Adopted by Council: 15th December 2020
Planned Review Date: December 2022
This document is an integral part of demonstrating GDPR compliance to ensure personal data breaches are addressed properly, appropriately and in a timely manner.
This policy has been produced in response to GDPR Article 33 – “Notification of a personal data breach to the supervisory authority” – and GDPR Article 34 of the GDPR – “Communication of a personal data breach to the data subject”.
A breach of GDPR affecting the rights and freedoms of individuals can result in a financial penalty (up to 20 million euros).
Failure to report a breach can result in a fine of up to 10 million euros.
Crewe Town Council will be legally responsible for personal data reaches.
What is a personal data breach?
The UK Information Commissioner’s Office (ICO) defines a personal data breach as:-
“A breach of security leading to the accidental or unlawful destruction, loss, alteration, unauthorised disclosure of, or access to, personal data transmitted, stored or otherwise processed”
There are three breach notification obligations:-
- Data processor to notify data controller
- Data controller to notify their Supervisory Authority (for the UK this is the ICO)
- Data controller to notify the data subject
Reporting an incident
Any Councillor or Officer (or data processor) who becomes aware of a breach must report it immediately to the Clerk.
If the breach occurs or is discovered outside normal working hours, it must be reported as soon as is possible.
The Clerk will complete will enter the details into the Personal Data Breach Form and inform the Data Protection Officer (DPO).
Incident investigation, containment and recovery
The DPO will firstly determine if the breach is still occurring. If so, the appropriate steps will be taken immediately to minimise the effect of the breach.
An initial assessment will be made by the DPO in liaison with Clerk to establish the severity of the breach.
The DPO and Clerk will:-
- Investigate the breach and assess the risks associated with it, for example, the potential adverse consequences for individuals, how serious or substantial those are and how likely they are to occur. The investigation will need to take into account the following:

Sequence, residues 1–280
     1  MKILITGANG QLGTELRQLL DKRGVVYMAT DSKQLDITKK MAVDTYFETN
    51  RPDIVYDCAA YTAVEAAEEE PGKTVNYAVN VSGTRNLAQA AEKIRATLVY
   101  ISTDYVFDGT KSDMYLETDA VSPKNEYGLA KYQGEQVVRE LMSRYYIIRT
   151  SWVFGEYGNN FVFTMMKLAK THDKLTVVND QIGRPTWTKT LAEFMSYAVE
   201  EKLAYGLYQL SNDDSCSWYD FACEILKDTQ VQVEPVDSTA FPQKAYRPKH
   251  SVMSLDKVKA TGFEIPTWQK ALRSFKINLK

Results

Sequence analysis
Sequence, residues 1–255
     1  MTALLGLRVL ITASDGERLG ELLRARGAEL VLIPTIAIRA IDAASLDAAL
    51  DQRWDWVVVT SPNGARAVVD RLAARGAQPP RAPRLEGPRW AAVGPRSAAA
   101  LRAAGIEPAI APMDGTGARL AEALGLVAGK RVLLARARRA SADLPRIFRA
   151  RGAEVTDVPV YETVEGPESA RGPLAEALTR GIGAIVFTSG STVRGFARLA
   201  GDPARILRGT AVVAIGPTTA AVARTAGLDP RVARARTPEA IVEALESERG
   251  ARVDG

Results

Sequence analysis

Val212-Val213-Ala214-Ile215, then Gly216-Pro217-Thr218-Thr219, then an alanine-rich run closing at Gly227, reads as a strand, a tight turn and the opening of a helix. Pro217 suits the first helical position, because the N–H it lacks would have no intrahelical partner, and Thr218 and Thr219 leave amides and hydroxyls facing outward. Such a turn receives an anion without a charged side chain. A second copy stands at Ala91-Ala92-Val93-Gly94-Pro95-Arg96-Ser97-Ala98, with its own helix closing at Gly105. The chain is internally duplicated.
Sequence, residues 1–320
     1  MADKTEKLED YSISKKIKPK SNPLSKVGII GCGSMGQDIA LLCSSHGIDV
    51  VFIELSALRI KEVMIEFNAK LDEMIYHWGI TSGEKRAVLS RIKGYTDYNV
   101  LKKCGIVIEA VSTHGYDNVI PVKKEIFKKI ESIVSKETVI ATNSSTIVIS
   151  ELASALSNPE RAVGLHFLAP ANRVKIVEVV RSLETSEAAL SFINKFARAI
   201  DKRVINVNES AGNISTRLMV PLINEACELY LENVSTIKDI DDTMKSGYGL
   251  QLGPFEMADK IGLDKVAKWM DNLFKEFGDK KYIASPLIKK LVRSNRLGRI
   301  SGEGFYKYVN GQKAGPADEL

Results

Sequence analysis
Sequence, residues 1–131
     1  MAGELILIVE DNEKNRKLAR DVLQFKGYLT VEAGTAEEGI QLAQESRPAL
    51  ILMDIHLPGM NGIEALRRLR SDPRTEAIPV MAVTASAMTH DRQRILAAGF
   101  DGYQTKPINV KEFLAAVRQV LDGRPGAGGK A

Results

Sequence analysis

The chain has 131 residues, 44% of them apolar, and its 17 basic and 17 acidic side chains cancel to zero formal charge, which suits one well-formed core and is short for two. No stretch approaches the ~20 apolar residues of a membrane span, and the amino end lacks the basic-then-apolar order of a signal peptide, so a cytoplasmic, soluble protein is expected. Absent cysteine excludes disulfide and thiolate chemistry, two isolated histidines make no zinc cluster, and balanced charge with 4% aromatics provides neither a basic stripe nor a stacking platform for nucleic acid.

- the type of data involved;
- its sensitivity;
- the protections that are in place (e.g. encryptions);
- what has happened to the data (e.g. has it been lost or stolen);
- whether the data could be put to any illegal or inappropriate use;
- data subject(s) affected by the breach, number of individuals involved and the potential effects on those data subject(s);
- whether there are wider consequences to the breach.
- If the breach is likely to result in a high risk of adversely affecting individuals’ rights and freedoms.
- Establish whether there is anything that can be done to recover the personal data and limit the damage the breach could cause.
- Establish who may need to be notified as part of the initial containment.
- Determine the suitable course of action to be taken to ensure a resolution to the incident.
A record will be kept of any personal data breach, regardless of whether notification was required.
Reporting the incident to the ICO
The DPO will establish whether the Information Commissioner’s Office will need to be notified of the breach, and if so, notify them within 72 hours of when the breach was first detected.
Every incident will be assessed on a case by case basis. However, the ICO must be notified if the breach:-
- Is likely to result in a risk to the rights and freedoms of the individuals;
- Will result in a risk of damage to reputation, financial implications, confidentially loss, and discrimination, social and economic disadvantages that may occur to the concerned individual.
The following information must be provided to the ICO:-
- The categories and approximate number of individuals concerned;
- The categories and approximate number of personal data records concerned;
- The name and details of the DPO;
- A description of the likely consequences of the personal data breach;
- A description of the measures taken, or proposed to be taken, to deal with the personal data breach and where appropriate of the measures taken to mitigate any possible adverse effects.
Breaches can be reported to the ICO via their website.
Notifying the affected individuals
Individuals whose personal data has been affected by the incident, and where it has been considered likely to result in a high risk of adversely affecting that individual’s rights and freedoms, will be informed without undue delay.
Notification will include:
- A description of how and when the breach occurred and the data involved;
- Specific and clear advice will be given on what the individual(s) can do to protect themselves;
- What action has already been taken to mitigate the risks;
- The contact details of the DPO;
- Contact details for Crewe Town Council for further information or to ask questions on what has occurred.